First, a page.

Make a Budget: Managing your money is one of the most difficult things to do abroad. With so many new experiences at your fingertips, it’s easy to blow money. You should absolutely make the most of your study abroad experience. But you can do it in a reasonable way that’s within your budget. Your budget will vary based on where you study abroad – there’s definitely no one-size-fits-all budget as some countries are more affordable than others.

Some Basic Budget Tips

  • Bring your student ID everywhere – Many countries offer student discount cards, and often bringing your student ID around can get you into museums and other tourist attractions at a reduced price. Many stores and restaurants will offer discounts for students too.
  • Prepare meals at home – Eating out can add up really quickly. If you’re on a small budget, cooking the majority of your meals at home is a great way to save money. You can still take advantage of local foods – but preparing them at home will cut costs.
  • Find free activities Some things do cost money – but you’d be surprised at the number of things you can do for free. Do research on outdoor activities (including outdoor gyms), beaches, free museums, parks and local festivals.
  • Check your budget often Making an ambitious budget before you leave can’t hurt, but you should revise once you get to the country and get a better sense of what things will cost. Also be sure to regularly check your bank account.
  • Research cheap ways to travel – If you want to travel even more during your study abroad period, research on cheap ways to do it. Cheap airlines might be a good bet for you, and look at trains and busses too. For inter-city travel, you might consider investing in a bicycle. It’s great exercise and might be cheaper than taking a bus or train. Also consider walking.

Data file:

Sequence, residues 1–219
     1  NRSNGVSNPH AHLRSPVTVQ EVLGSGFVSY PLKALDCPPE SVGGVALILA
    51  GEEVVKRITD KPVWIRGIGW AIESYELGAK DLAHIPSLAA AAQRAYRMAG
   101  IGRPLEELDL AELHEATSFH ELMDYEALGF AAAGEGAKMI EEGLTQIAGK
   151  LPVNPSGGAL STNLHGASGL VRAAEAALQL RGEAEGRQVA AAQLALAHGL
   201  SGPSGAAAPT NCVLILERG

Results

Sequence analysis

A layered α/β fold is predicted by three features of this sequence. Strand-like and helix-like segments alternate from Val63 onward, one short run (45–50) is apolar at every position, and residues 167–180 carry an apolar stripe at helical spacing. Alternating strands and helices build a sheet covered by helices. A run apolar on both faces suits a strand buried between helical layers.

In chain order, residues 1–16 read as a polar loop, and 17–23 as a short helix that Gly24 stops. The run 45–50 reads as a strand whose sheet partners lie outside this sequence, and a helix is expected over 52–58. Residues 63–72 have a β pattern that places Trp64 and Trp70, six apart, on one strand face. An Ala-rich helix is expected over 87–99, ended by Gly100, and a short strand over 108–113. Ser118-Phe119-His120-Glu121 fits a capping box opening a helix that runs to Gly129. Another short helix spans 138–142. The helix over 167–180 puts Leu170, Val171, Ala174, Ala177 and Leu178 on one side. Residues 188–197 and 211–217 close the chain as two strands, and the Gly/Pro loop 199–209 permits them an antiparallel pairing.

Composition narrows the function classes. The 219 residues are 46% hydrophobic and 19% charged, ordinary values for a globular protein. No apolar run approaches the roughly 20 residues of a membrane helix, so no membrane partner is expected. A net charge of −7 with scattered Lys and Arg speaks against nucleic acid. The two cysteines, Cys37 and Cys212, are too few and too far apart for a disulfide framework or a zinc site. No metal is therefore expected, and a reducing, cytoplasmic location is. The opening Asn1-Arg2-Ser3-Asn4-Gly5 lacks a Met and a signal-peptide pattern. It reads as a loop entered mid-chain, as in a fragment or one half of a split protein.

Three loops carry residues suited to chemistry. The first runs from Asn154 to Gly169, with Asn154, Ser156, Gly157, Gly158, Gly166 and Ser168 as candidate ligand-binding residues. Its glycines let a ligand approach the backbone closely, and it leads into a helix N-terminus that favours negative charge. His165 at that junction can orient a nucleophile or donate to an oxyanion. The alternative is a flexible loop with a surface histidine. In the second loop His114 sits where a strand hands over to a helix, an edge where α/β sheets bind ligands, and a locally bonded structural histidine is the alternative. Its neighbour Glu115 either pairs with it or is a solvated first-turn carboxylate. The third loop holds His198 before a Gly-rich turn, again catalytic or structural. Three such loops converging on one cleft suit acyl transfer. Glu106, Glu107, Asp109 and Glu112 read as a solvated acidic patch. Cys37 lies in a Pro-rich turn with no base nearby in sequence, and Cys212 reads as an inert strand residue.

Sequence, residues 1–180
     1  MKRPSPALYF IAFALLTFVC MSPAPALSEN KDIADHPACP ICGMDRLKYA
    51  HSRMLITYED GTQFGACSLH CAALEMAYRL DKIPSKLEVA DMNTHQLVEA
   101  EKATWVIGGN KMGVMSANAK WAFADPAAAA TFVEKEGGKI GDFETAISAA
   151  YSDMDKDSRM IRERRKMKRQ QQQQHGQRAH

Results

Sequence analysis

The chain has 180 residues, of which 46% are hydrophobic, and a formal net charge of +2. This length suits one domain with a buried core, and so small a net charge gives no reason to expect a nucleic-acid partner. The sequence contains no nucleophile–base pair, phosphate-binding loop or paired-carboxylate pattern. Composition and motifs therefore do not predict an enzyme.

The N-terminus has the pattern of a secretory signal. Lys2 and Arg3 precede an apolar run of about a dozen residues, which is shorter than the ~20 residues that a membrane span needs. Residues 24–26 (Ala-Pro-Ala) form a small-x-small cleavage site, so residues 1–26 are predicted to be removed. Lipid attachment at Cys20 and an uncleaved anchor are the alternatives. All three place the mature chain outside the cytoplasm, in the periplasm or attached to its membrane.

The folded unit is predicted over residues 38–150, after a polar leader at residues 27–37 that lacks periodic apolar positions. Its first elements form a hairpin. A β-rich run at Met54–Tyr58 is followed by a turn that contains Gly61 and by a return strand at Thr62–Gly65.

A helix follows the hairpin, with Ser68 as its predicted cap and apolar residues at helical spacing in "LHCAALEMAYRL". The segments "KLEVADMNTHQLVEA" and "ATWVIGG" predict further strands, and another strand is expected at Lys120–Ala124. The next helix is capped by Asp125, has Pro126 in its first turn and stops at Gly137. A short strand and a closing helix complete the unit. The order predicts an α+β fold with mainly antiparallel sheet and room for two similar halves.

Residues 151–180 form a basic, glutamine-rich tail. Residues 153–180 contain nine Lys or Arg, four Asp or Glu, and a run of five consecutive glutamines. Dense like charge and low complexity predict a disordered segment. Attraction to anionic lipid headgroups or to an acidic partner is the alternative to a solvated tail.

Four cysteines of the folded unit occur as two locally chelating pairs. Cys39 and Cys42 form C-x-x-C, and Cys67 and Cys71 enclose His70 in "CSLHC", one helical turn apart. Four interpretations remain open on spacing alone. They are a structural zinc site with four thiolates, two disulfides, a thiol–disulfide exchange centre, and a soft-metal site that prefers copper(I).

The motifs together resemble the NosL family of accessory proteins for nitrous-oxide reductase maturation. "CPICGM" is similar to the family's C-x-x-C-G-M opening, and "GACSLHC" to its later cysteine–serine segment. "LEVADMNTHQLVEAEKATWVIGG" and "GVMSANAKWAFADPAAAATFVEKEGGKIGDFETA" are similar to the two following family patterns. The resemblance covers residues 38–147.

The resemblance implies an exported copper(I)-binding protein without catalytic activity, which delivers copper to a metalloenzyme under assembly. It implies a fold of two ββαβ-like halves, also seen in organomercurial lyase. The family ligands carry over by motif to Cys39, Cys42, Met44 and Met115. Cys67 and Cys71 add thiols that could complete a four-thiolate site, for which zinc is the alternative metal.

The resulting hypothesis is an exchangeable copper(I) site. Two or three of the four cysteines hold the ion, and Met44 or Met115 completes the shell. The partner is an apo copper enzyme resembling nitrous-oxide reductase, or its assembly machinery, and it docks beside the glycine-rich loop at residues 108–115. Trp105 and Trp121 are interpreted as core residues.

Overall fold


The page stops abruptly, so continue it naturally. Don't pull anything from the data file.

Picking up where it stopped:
What to pack: Is your flight date approaching? Better get serious about packing. Every region will require different items to bring, and many items you can buy there.

The General Study Abroad Packing List


  • Passport (and copy of your passport)
  • Visa
  • Local currency if needed
  • Credit and debit cards
  • Health insurance card
  • Student ID
  • Driver’s license
  • Any prescriptions you take with the original prescription printed
  • Wallet


·        14 pairs of underwear

·        2-3 sweaters (one lighter, one heavier)

·        3-4 regular bras and 2 sports bras if you wear them

·        1 raincoat

·        1 sweatshirt

·        12 pairs of socks, 1-2 pairs of tights

·        2 jeans

·        1 light jacket (denim jacket, for example)

·        1-2 pants

·        1 heavier jacket (location dependent)

·        1-2 shorts

·        1 pair athletic sneakers

·        2 skirts

·        1 pair comfortable walking shoes

·        2-3 dresses

·        1 pair dressier shoes (flats, heels, nice loafers)

·        2-3 tank tops

·        1 pair slippers/flip-flops

·        4-5 short sleeve shirts

·        1 pair sandals (location dependent)

·        2-3 long sleeve shirts

·        1 pair gloves (location dependent)

·        1 formal outfit (blazer and trousers or a nice dress)

·        Purse

·        2 athletic shorts or leggings

·        Tote bag

·        2 athletic shirts

·        Backpack

·        1 swimsuit/swim trunks